Monday, October 28, 2013

The paper plane problem in baseball

Maureen Burt made mention of a paper glider that made its way near the pitcher's mound at the World Series.  

I looked for a video and believe this is the one in question:

And it would also appear that this isn't a unique occurrence.

May 29th at Dodger stadium:

Here's an interesting article:

July 22, 2013
Pebble Hunting
Baseball's Paper Airplane Problem
by Sam Miller

“As the game ground to a crawl in the late innings,” the LAist wrote last week, “each pitch taking on more importance on both sides, the scene throughout the stadium began to resemble the opening scene of M.I.A.'s ‘Paper Planes’ video. As the crowd of 50,796 got more and more restless, they decided to make their own entertainment, to give themselves something to cheer for as plane after plane get [sic] tantalyzingly close to touch [sic] the field.”
Paper planes are having a moment. Two weeks earlier, while Skip Schumaker was on the mound, a well-crafted plane landed with a flourish between the mound and home plate

Clearly, Dodger Stadium has a paper airplane problem (or not problem). You might expect it at Dodger Stadium, where fans have a tepid relationship with the action on the field. But paper airplanes are everywhere, and while this might not seem like a big deal to you, I'm going to write this as though it should be a big deal to you. Come along to be persuaded?
So here's some history. At the very, very, very beginning there were the Chinese, who (according to Internet) were throwing paper airplanes 2,000 years ago. Those might have been more like kites than planes. This Quora goes back into the 19th century and finds examples of “paper darts” for recreational use well before the invention of the word “airplane.” But the first time we see them showing up at sporting events, at least in game stories, is in the 1930s. From a description of a Harvard football game in 1934:
They began to toss paper airplanes out on the gridiron. A veritable paper fleet took to the air as the Crimson led 33 to 3.
It should be immediately clear how valuable a strong paper plane would be in a public event. When built well, they can travel almost infinitely with a small finger flick; their trajectory immediately erases its memory, so that there is no hope of tracing it back to its source. Besides a small risk of eye-poking, they don’t carry the force necessary to make them lethal. Messages can be written on them for political purposes. And they are constructed from one of the most banal, omnipresent materials you could ever hope to smuggle. Consider the effort and risk of throwing a tomato at a performer; now consider the ease of a paper airplane. It’s the perfect weapon, the event-disrupting equivalent of murder-by-icicle.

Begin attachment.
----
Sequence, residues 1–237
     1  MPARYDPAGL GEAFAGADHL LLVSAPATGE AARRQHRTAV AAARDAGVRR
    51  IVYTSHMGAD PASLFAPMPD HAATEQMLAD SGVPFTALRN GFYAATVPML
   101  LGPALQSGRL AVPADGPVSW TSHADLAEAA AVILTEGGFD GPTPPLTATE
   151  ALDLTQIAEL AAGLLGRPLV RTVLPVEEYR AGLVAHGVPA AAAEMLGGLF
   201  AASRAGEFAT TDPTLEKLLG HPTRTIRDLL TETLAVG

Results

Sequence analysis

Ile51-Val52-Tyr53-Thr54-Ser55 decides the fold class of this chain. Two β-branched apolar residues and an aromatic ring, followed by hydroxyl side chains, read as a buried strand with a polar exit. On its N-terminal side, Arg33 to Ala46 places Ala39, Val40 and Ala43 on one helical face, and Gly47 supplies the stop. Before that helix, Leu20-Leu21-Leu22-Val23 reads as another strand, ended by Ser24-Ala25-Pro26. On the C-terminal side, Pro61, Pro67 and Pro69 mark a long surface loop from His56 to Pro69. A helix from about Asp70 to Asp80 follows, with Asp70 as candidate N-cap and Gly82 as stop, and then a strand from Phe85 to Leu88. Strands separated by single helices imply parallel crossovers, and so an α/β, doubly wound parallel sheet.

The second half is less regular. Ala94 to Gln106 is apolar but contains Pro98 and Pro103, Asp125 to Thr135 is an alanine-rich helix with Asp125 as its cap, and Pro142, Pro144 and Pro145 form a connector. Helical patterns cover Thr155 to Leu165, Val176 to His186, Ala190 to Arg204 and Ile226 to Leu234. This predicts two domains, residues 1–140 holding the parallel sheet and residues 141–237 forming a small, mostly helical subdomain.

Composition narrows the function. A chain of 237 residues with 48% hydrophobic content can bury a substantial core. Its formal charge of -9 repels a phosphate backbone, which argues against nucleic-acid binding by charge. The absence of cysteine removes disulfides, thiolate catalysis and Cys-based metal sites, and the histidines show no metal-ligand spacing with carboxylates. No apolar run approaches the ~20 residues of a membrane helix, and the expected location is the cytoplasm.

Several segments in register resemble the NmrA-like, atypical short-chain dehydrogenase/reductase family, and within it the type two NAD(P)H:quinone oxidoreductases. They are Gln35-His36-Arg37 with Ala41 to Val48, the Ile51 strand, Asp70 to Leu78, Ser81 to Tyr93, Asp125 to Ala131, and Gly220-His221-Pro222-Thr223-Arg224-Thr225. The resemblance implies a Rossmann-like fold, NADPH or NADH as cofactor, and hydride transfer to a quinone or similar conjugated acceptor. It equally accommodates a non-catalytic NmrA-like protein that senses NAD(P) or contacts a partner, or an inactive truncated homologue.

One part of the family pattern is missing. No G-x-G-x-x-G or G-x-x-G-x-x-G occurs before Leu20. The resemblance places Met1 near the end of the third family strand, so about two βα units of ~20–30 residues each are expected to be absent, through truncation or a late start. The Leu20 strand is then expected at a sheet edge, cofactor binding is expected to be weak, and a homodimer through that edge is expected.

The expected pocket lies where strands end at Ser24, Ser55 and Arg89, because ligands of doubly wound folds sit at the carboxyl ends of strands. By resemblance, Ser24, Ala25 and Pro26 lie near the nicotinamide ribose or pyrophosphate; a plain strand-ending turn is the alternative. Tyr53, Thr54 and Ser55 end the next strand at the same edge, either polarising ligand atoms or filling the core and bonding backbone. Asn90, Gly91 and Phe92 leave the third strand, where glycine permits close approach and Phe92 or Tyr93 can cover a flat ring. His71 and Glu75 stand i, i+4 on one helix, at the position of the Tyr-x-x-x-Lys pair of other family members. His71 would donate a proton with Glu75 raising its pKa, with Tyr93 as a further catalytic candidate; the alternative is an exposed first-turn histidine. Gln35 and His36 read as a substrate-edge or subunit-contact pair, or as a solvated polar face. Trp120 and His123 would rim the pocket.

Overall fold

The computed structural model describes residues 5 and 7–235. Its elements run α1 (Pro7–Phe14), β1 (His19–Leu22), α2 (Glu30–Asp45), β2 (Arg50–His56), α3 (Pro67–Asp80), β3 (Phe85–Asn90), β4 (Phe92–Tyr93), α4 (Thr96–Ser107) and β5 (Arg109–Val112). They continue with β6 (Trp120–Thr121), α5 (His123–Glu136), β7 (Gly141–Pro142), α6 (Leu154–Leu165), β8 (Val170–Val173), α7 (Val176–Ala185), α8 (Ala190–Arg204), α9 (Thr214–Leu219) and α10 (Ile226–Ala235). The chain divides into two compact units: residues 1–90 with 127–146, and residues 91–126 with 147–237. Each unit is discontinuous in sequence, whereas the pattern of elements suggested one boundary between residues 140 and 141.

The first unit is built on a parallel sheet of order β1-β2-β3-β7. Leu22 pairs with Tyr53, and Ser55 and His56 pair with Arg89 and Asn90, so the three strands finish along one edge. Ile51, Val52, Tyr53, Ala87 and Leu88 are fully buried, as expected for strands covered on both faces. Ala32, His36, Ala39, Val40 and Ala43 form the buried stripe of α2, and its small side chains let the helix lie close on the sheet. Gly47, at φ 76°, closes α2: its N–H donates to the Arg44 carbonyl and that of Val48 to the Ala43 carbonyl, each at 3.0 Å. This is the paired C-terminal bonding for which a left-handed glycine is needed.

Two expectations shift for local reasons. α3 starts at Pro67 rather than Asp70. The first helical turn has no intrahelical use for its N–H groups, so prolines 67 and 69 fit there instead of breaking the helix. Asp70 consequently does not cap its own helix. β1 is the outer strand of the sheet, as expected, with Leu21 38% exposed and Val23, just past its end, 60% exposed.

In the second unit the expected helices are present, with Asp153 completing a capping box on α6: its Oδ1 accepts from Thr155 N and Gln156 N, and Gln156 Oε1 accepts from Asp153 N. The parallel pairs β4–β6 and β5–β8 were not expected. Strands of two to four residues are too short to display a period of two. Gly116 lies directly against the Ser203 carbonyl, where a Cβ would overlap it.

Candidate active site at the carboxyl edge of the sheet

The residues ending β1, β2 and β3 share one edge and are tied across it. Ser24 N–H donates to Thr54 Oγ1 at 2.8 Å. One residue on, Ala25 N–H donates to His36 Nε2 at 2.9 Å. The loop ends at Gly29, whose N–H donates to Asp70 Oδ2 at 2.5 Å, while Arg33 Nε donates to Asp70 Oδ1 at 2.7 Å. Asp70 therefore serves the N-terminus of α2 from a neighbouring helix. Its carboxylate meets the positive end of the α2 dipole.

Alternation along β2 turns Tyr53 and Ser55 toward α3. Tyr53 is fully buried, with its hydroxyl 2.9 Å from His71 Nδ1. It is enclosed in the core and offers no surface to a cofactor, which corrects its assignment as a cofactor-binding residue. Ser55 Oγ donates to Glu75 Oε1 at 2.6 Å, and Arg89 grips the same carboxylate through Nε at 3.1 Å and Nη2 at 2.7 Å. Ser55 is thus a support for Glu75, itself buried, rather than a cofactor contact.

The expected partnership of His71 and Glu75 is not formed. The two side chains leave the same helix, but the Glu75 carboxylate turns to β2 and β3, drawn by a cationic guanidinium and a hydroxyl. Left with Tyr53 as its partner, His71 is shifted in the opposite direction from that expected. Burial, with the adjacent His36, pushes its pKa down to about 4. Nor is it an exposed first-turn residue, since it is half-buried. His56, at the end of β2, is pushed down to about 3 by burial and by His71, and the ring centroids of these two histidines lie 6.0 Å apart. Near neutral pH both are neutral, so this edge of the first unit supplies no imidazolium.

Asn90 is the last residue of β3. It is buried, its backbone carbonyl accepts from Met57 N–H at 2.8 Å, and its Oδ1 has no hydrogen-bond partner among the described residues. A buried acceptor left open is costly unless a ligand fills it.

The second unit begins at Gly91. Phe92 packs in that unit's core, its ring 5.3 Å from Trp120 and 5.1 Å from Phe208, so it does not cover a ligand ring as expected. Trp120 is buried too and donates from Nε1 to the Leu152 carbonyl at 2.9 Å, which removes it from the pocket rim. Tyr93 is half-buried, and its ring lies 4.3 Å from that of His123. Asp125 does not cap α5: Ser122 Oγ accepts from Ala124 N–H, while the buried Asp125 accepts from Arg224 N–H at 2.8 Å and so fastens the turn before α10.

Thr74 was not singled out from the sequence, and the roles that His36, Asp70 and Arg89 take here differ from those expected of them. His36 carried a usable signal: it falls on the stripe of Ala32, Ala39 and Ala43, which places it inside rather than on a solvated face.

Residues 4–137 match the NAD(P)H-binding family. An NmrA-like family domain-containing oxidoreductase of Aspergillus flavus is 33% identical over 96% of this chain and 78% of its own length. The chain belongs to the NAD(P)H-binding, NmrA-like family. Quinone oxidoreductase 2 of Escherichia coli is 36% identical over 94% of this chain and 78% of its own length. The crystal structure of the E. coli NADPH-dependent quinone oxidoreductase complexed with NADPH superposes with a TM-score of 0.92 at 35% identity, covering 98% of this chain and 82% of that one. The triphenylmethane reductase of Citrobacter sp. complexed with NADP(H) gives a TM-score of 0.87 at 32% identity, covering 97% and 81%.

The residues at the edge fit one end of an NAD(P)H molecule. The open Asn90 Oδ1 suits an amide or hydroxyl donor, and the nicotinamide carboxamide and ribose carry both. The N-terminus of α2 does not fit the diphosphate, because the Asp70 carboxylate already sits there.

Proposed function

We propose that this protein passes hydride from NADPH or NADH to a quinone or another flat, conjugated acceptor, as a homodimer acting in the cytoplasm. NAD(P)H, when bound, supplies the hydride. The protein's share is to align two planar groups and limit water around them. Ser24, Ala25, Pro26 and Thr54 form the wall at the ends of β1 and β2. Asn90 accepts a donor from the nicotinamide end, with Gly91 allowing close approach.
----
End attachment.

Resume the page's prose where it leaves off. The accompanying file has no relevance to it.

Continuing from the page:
And so, in the 1960s at a Nixon rally, "some young men ... tried to get an anti-Vietnam leaflet into his hands... Some transformed their leaflets into paper airplanes and sailed them in the President's direction."
And, in the 1970s at NFL stadiums, it became something of a fan. In 1975: “"As the game wore on and the Saints' performance became more inept, paper airplanes filled the cavernous recesses of the Louisiana Superdome. 'It's sad to me when that sort of thing happens,' Manning said. 'But they've evidently had enough.'" It was a fan worried about “eye injury and perhaps an ear injury as a result of such airplanes” who inspired The Greatest Letter Ever Printed On NFL Team Letterhead.
It doesn’t seem to have been quite so much of a fad in baseball at the time, but it was there. Two airplanes landed on the warning track during the 1976 World Series. And, after Reggie Jackson spurned Baltimore as a free agent, Orioles fans reportedly weaponized the planes:
When the Yankees visited Baltimore for the first time, fans hurled nuts, bolts, and paper airplanes equipped with darts at Reggie Jackson.

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